It is well known the biggest cost to you as dairy farmers is your heifer rearing. It will take 2+ years before you start to see any returns from an animal, and within that time, as most of you will have experienced at some point, a lot can go wrong!

But how well do we know our costs associated with heifer rearing? What KPI’s do we look at? What data are we looking at as an indicator of heifer rearing efficiency? And more specifically, what is it on YOUR farm?

Following a talk organised by AHDB with guest speaker Dr. Ginny Sherwin I wanted to highlight some practical KPI’s and economics that you can implement with the help of your vet on farm.

It is likely most of you will already be aware of some common KPI’s with regards to heifer performance:

  • Age of 1st calving (target should be 22-24 months)
  • % of heifers that re-calve (target 90%)
  • % of heifer yield compared to milking cow yield (target over 80%)

If you don’t have these to hand, your vet can find all this very easily from milk recording data!

An example below is where some of the data is from a DigiFarm report:

These are all excellent starting points when looking at heifer performance.

Is your age at 1st calving within the target window? If not, is that due to poor growth rates and heifers not being ≥55% of mature body weight by 13/14 months? Or is that due to poor fertility?

Once you distinguish the difference you can then focus efforts here.

Secondly, how many heifers in milk go on to re-calve? If this is less than 90%, where are we losing them? Is it due to post-partum disease or injury, or the fact that they go lame and cannot get back in calf? Look back at the reasons these animals have left the herd, it’s key to pick up trends.

Thirdly, what % yield are the heifers contributing compared to your L2+ cows? If this is below 80%, start by having a look at the environment. It’s a large change for a heifer to go from her rearing group to dry cow group, calving then moving into a miking herd. The key here is to minimise stress as much as possible, try to transition them with the same animals. Is there enough space for heifers to escape dominant cows and access feed once in the miking herd?

These three KPI’s that everyone who milk records will have easy access to, can give you a great starting point to identify areas of improvement for your heifer performance.

However, more insightful KPI’s that address overall heifer performance would be:

Number of heifers born compared to number of heifers that reach 1st calving:

  • This will help you identify how many potential replacement heifers you lose before they start to milk. Separate these into reasons, such as illness (scour, pneumonia) or fertility.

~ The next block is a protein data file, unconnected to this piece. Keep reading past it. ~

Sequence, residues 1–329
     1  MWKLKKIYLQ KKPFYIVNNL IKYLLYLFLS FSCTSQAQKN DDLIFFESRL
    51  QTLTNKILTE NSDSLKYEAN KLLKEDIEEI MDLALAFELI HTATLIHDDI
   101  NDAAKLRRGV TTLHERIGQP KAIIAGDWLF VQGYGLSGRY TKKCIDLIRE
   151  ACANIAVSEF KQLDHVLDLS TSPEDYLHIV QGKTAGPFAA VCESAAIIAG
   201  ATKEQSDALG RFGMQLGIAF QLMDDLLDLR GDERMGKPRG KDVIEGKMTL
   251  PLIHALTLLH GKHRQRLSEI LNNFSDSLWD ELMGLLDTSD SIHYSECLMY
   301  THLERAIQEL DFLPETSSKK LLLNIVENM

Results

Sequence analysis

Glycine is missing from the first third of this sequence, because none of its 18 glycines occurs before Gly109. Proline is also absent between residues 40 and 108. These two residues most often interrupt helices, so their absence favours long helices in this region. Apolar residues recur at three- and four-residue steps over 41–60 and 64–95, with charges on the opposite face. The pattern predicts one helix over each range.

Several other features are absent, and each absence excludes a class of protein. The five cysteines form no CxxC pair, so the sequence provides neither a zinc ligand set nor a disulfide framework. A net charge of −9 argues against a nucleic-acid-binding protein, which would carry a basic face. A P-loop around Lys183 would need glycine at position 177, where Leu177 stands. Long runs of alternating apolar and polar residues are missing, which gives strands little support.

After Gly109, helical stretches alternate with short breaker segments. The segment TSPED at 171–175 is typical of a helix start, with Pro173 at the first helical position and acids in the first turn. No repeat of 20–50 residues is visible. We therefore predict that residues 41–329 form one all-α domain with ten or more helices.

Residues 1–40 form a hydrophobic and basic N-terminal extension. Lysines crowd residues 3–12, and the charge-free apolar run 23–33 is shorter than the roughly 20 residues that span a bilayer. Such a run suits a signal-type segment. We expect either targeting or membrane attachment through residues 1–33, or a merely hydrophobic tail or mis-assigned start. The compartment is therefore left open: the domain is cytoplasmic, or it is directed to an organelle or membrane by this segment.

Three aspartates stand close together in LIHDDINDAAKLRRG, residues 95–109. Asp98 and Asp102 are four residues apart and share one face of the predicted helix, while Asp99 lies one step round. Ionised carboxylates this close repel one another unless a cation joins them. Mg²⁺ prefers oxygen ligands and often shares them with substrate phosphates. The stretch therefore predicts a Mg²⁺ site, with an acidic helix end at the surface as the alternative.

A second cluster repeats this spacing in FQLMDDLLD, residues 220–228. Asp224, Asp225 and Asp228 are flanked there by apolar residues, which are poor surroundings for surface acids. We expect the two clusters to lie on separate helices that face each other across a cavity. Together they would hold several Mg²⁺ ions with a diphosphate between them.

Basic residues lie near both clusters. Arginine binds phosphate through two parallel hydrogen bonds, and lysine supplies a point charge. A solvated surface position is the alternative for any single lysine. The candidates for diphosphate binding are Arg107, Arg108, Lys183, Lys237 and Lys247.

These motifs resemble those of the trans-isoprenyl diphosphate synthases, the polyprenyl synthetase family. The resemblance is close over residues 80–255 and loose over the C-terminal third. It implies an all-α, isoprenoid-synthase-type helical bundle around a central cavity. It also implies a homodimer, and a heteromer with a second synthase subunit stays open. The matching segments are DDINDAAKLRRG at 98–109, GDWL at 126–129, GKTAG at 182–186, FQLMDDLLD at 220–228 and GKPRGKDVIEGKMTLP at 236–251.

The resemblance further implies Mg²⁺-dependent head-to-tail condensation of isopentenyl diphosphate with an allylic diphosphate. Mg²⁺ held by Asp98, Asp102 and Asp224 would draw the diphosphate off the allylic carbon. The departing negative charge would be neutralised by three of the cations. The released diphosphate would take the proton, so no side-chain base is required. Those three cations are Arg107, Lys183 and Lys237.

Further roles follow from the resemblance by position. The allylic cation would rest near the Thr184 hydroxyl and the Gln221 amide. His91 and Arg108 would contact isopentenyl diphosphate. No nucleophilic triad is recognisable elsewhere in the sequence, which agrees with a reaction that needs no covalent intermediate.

• Simply look back through your calving book, how many heifer replacements were born over a set period of time. How many of those reached 1st lactation. What % did not make it?

Number of heifers that calve that go on to Lactation 3:

  • 3rd Lactation is the first full profitable lactation, explained below!

Dairy heifer economics

It is important to know how much your heifer rearing is costing you and when she starts to earn money for herself.

Follow this example below for an estimate for your farm:

The cost of rearing a dairy heifer to the point of calving, on an average UK, 250 cow dairy farm is approximately £2k. Combine this with feeding costs of £2.50 a day for a 360 day lactation works out around £900. These numbers may vary for your farms, e.g. variation in rearing costs, feed costs and lactation length but these are an average.

Using the above farms data, 87% of heifers re-calve. In this herd there were 80 heifers. Therefore, 70 heifers re-calved, meaning 10 were either lost or culled.

10 x (-£590) = (-£5900) debt to be carried by the remaining 70 heifers at £85 per animal. So in total, each individual enters their second lactation (-£675) in debt.
This is assuming no issues such as lameness which costs approximately £300 per case for example. You can see how costs rack up!

For this example farm, assuming feed costs for 2nd lactation are £2.90 per day and average of 33 litres of milk per day, still at 33ppl. Cows yield approx.10,000 litres.

Averaging 33 litres a day it would take each animal 156 days of their second lactation to break even with costs with no complications.

Therefore, we can assume with the addition of any unexpected early culls before completed lactation, cases of mastitis or lameness, in the average herd it would be towards the end of second lactation when most farms break even from heifer rearing.

The key take home is to have a look at your farm data with your vet. A good starting point is how many heifers reach the 3rd lactation as this is the single biggest KPI for your heifer rearing economic performance. The more cows that you have that reach their 3rd and most profitable lactation the better your farm will perform!